IMF and WB experts on crisis and African development

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Although the full impact of the global economic crisis on African development is not yet known, a group of African development and finance experts have gathered in Washington to discuss the crisis and offer recommendations to policymakers at the spring meeting of the International Monetary Fund and World Bank.

The town-hall-style meeting April 23 was composed of a broad array of expert panels, including one with Jeffrey Krilla, senior managing director at Sonnenschein Nath & Rosenthal LLP, a law firm; Katrin Kuhlmann, president of the Trade, Aid and Security Coalition of the GlobalWorks Foundation, a nongovernmental organization; and Eva Bakonyi, the head of partnerships and donor relations at the World Bank’s International Finance Corporation (IFC).

Krilla, who has spent his career focused on Africa and has had wide business and agribusiness experience on the continent, said the “good news” for Africa is that it is the region “least integrated” into the world economy and because of that “Africa has been spared a lot of the primary effects of the initial financial crisis. The bad news is that, instead, Africa is being hit by the aftershocks and the resulting global recession.”

Moving ahead

Identifying the areas in which Africa is currently being hurt is the first step toward addressing the crisis, he said. He said inflation has fallen from a 22 percent average across the continent to single digits in recent years. That, he said, has been the direct result of African governments embracing economic reforms. “Almost all African countries have moved steadily, if slowly, toward a more open and market-driven economy,” he said.

Countries should continue on that reformist trend and not backtrack in the wake of these tough economic times, he said, warning that “countries that backtrack will find themselves left further behind when the global recovery returns.”

To help Africa weather the crisis, Krilla offered a few recommendations. The major trading partners should keep their markets open and not resort to protectionism, he said, and ensure that adequate levels of trade credit are made available for African and other developing nations. ”At the same time,” he said, “African governments should resist temptations to return to a command economy or use the crisis as a cover to renationalize companies or interject the state into the market, which has proven so harmful in the past and so lucrative to an elite few.”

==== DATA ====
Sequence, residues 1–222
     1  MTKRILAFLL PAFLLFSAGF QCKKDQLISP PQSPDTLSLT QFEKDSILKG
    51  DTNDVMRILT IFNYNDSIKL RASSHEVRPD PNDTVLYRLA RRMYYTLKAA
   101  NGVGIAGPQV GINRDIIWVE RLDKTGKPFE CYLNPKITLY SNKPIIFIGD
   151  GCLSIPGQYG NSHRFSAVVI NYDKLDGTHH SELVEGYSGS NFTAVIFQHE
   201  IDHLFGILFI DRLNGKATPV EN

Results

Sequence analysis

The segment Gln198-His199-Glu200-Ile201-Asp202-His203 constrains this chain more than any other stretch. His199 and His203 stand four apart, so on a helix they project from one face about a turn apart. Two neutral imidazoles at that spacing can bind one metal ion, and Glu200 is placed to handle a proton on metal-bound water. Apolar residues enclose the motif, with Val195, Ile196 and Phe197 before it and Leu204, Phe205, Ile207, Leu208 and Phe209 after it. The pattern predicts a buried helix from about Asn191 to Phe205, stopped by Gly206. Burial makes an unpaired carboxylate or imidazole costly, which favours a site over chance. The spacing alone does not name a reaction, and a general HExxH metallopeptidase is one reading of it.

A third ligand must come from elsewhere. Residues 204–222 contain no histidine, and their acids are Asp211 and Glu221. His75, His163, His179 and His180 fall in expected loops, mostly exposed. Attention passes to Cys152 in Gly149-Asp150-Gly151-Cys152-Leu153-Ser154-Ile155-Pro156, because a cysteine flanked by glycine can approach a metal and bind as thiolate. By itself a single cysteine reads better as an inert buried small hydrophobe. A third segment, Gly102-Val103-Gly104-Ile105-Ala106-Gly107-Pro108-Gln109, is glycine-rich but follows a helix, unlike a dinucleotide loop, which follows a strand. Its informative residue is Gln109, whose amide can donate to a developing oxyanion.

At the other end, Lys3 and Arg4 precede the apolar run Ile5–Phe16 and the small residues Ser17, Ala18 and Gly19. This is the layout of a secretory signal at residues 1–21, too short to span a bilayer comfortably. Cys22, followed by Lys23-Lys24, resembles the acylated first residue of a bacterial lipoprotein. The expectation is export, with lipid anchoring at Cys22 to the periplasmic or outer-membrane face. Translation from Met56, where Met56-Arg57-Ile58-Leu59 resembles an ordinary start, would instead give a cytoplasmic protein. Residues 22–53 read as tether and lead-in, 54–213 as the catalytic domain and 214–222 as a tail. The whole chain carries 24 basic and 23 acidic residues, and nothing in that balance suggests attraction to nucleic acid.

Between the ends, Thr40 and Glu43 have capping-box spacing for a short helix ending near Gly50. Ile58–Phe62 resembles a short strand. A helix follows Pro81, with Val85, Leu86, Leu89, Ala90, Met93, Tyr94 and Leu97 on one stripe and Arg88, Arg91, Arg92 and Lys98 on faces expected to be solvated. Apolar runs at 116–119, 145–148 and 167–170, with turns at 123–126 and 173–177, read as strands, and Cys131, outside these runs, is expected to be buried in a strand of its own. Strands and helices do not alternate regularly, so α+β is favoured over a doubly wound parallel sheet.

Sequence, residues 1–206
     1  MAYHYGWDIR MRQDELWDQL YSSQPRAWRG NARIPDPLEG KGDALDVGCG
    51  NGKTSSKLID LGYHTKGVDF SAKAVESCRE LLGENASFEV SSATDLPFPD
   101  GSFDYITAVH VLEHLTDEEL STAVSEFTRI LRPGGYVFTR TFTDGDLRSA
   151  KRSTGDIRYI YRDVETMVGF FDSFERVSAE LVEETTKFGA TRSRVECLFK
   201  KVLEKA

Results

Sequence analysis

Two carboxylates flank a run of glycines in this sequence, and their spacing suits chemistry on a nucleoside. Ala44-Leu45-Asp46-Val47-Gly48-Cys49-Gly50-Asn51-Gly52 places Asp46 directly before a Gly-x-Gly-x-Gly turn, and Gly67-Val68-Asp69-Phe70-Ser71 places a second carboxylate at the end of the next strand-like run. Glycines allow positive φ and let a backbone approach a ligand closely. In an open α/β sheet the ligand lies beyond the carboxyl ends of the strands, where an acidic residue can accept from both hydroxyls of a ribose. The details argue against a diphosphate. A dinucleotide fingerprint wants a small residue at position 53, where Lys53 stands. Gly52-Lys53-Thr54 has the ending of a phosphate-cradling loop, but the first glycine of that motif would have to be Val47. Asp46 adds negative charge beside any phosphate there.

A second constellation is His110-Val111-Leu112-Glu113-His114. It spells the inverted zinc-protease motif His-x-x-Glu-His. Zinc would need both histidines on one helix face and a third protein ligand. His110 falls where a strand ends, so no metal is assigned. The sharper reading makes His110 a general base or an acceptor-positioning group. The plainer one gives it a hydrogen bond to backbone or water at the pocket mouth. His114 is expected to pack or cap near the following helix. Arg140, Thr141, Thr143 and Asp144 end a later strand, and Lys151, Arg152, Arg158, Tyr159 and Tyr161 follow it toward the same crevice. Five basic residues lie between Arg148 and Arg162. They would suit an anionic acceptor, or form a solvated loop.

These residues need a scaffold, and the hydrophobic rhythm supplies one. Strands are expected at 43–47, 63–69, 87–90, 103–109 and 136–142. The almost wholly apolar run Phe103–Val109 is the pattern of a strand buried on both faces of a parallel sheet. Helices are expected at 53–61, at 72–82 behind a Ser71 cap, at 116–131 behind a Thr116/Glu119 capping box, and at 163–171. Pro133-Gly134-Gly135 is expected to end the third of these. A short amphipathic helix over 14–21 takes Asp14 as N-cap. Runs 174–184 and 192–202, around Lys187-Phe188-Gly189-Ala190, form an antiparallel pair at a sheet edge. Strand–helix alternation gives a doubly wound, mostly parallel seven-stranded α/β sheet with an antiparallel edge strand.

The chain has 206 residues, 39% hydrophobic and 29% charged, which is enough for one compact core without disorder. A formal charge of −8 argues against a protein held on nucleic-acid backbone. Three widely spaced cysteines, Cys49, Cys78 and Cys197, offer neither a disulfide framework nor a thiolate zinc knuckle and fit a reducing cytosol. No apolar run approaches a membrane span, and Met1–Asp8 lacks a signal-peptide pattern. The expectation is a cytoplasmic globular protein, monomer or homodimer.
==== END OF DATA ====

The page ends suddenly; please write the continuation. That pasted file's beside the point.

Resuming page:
He also recommended that African countries use the crisis to get rid of obstacles to business in order to promote trade development and increase regional integration.


Kuhlmann agreed that increased regional economic integration, greater infrastructure and more trade capacity are important for African development. Additionally, she recommended that economic and trade policy be more focused on agriculture.

“When we talk about trade with Africa, particularly here in Washington, we talk a lot about the African Growth and Opportunity Act [AGOA], but AGOA falls short on covering agriculture. It has created opportunity in other areas, but has not really touched agriculture. Agriculture is really where the long-term growth potential is,” she said.

While AGOA has helped create several hundred thousand jobs in the apparel sector in five key African countries, she said, those jobs alone, while important, are not going to be the key to long-term growth. Farming, she said, represents up to 40 percent of Africa’s gross domestic product, makes up a huge percentage of its trade and is an area in which 450 million Africans find employment.


Bakonyi said the International Finance Corporation (IFC) is working to help Africa deal with the current crisis. She said IFC’s mission is to promote sustainable private sector investment in infrastructure, health care and education in Africa and developing countries worldwide by investing with private sector partners on a commercial basis. Additionally, the IFC often provides advice and technical assistance, which, she said, is very important because “money itself does not solve [development] problems in Africa.”

IFC’s investment in Africa, she said, has increased significantly from $140 million in 2003 to more than $1.4 billion in the last two years, but she cautioned that investment may not increase much more in the short term because of the financial crisis.

Focusing on the crisis itself, Bakonyi said African markets, like many others worldwide, have been unable to escape the global economic downturn. “Because of the economic crisis, there is a serious unemployment issue, which leads to human crises,” she said.

While the IFC “always thinks about cooperation and partnership” as it conducts its business, Bakonyi said during these times of crisis the IFC has ratcheted up cooperation to a new level. Cooperation and partnership among international banks, businesses and governments, she stressed, are key to getting through the crisis. To illustrate her point, she said the IFC is now working closely with its Japanese, German and other development counterparts to help promote development progress in Africa.

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